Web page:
How to Help Someone Who is Overdosing

Call for emergency medical assistance if you notice someone showing signs of a drug overdose. Sometimes people second-guess the signs of overdose or worry about cost or possible police involvement. It’s always better to seek help than to put off making a call that could save the person’s life.

You may also notice signs of a potential overdose before the person loses consciousness. Symptoms that show the risk of a possible oncoming overdose include:

  • Sudden severe headache
  • Chest pain
  • Breathing difficulties (also snoring or gurgling)
  • Extreme paranoia, agitation, or confusion
  • Seizures

If someone has any of these symptoms, call for medical attention immediately. They’ll be transported to a hospital to receive the care they need, as well as a recommendation for drug addiction treatment if possible.

Preventing Drug Overdoses

The only true way to prevent drug overdose is to not take drugs. Though abstinence is not a reality for some, there are still preventative measures they can take to avoid an overdose. Mixing substances always increases the risk of overdose. Even drinking alcohol while taking medication may cause an adverse reaction.

Accidental overuse of prescription medication is another overdose risk. People should always understand the exact amount they’re prescribed and never take more than that dose. Prescription medications should never be shared with anyone. They should also be kept locked up and away from children and adolescents.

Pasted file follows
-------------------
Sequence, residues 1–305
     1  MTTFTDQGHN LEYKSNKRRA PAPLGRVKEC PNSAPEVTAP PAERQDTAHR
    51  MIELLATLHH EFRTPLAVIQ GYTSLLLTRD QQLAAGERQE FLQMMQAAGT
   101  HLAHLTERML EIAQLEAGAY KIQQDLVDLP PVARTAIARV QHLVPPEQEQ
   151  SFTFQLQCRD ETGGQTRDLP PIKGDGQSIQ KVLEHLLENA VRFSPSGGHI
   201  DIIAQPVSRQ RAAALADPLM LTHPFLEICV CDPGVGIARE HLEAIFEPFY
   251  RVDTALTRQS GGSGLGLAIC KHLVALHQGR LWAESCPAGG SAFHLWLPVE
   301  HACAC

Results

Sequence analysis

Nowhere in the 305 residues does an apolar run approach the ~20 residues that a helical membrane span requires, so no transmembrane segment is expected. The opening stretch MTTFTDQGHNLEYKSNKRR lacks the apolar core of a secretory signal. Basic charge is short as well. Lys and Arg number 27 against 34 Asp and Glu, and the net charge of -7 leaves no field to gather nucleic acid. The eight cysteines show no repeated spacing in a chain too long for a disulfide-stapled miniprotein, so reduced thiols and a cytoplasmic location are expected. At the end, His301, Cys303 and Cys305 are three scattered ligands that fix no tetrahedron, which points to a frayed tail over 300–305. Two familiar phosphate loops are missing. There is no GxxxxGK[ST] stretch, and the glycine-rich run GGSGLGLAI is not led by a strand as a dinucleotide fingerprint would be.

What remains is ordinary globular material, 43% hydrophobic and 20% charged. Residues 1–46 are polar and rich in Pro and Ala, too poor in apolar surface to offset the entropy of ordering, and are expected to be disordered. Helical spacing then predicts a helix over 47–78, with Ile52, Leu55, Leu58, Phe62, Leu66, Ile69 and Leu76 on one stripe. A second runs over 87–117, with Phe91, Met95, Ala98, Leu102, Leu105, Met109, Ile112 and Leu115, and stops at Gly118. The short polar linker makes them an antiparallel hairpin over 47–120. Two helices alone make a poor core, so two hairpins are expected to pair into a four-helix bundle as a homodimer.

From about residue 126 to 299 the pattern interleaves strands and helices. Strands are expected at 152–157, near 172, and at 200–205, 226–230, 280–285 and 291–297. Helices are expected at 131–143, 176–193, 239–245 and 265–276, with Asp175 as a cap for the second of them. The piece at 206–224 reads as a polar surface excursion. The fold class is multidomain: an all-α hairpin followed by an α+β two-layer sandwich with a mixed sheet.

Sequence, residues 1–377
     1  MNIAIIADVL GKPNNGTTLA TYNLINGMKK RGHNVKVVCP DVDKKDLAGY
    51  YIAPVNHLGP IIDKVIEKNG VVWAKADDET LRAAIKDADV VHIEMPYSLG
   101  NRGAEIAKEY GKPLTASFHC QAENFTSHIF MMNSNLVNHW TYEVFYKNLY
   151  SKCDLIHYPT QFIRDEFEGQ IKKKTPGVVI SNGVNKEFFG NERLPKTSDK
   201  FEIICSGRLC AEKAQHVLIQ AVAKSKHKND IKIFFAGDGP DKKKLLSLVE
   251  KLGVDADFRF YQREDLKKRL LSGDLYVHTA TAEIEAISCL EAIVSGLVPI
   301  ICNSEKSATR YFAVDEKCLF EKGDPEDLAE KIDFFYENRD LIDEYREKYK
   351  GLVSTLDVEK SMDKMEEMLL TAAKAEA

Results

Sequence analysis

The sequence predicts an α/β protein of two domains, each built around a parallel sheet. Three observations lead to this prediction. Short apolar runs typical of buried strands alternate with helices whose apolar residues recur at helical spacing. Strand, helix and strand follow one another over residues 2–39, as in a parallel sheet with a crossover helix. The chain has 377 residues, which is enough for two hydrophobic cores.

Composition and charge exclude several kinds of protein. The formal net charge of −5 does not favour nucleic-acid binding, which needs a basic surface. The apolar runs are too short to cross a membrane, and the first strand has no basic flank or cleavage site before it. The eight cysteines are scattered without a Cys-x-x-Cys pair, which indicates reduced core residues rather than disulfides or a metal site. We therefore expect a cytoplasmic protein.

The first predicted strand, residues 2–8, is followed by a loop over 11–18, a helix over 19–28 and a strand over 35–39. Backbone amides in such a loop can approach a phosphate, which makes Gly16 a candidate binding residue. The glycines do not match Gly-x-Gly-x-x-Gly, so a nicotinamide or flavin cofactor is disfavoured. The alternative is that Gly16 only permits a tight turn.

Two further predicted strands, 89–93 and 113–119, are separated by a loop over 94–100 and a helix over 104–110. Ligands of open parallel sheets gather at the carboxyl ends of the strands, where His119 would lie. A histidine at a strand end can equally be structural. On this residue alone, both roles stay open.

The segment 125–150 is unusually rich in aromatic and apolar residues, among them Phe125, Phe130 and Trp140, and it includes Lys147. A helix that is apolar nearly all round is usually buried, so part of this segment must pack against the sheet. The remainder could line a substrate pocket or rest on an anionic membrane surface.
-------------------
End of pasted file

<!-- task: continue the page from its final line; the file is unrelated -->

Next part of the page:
A medication called Naloxone (prescription name Narcan) reverses the effects of an opioid overdose. Paramedics carry this medication with them and it’s also available to the general public. Naloxone half-life is only 60 to 90 minutes. It’s possible to experience a second overdose if the person takes more opioids after receiving a dose.

Naloxone is good to have on hand if someone you love struggles with addiction. It reverses overdose effects and revives individuals long enough to receive treatment at a hospital or another medical facility.

Treating Drug Addiction

Reversing the effects of an overdose with Naloxone is only the first step toward addressing drug addiction and alcoholism. It doesn’t cure the person or prevent them from returning to using substances. Many people who struggle with drug addiction relapse even after experiencing an overdose.

Addiction treatment programs are one of the most effective ways to treat substance and alcohol use disorder. Specialized treatment facilities understand the struggles of alcoholism and addiction. Using a combination of therapy, case management, education, and more, facilities guide clients through their first few months of recovery.

If you or someone you love struggle with alcohol or drug addiction, help is available. Call us today at (866) 497-7384 or fill out the form below. Our admissions counselors are available to guide you through the process of finding a program that is right for you.

If you’re ready to start your recovery, we’re here to help.